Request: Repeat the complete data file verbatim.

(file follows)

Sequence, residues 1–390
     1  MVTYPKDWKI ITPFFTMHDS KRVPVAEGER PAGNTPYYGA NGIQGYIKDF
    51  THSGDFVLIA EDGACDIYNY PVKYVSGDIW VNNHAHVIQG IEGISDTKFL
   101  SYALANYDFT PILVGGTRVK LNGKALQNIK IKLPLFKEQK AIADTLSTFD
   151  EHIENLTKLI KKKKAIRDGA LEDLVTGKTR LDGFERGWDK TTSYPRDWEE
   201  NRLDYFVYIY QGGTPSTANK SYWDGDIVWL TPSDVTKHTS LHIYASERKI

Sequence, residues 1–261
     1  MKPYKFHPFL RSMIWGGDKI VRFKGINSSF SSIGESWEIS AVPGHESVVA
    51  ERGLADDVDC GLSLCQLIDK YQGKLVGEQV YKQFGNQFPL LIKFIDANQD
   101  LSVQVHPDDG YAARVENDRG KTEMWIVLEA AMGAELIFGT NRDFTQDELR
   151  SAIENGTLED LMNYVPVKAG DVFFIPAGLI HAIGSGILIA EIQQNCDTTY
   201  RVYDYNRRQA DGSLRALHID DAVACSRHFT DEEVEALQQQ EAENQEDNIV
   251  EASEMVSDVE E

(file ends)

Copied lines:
Sequence, residues 1–390
     1  MVTYPKDWKI ITPFFTMHDS KRVPVAEGER PAGNTPYYGA NGIQGYIKDF
    51  THSGDFVLIA EDGACDIYNY PVKYVSGDIW VNNHAHVIQG IEGISDTKFL
   101  SYALANYDFT PILVGGTRVK LNGKALQNIK IKLPLFKEQK AIADTLSTFD
   151  EHIENLTKLI KKKKAIRDGA LEDLVTGKTR LDGFERGWDK TTSYPRDWEE
   201  NRLDYFVYIY QGGTPSTANK SYWDGDIVWL TPSDVTKHTS LHIYASERKI

Sequence, residues 1–261
     1  MKPYKFHPFL RSMIWGGDKI VRFKGINSSF SSIGESWEIS AVPGHESVVA
    51  ERGLADDVDC GLSLCQLIDK YQGKLVGEQV YKQFGNQFPL LIKFIDANQD
   101  LSVQVHPDDG YAARVENDRG KTEMWIVLEA AMGAELIFGT NRDFTQDELR
   151  SAIENGTLED LMNYVPVKAG DVFFIPAGLI HAIGSGILIA EIQQNCDTTY
   201  RVYDYNRRQA DGSLRALHID DAVACSRHFT DEEVEALQQQ EAENQEDNIV
   251  EASEMVSDVE E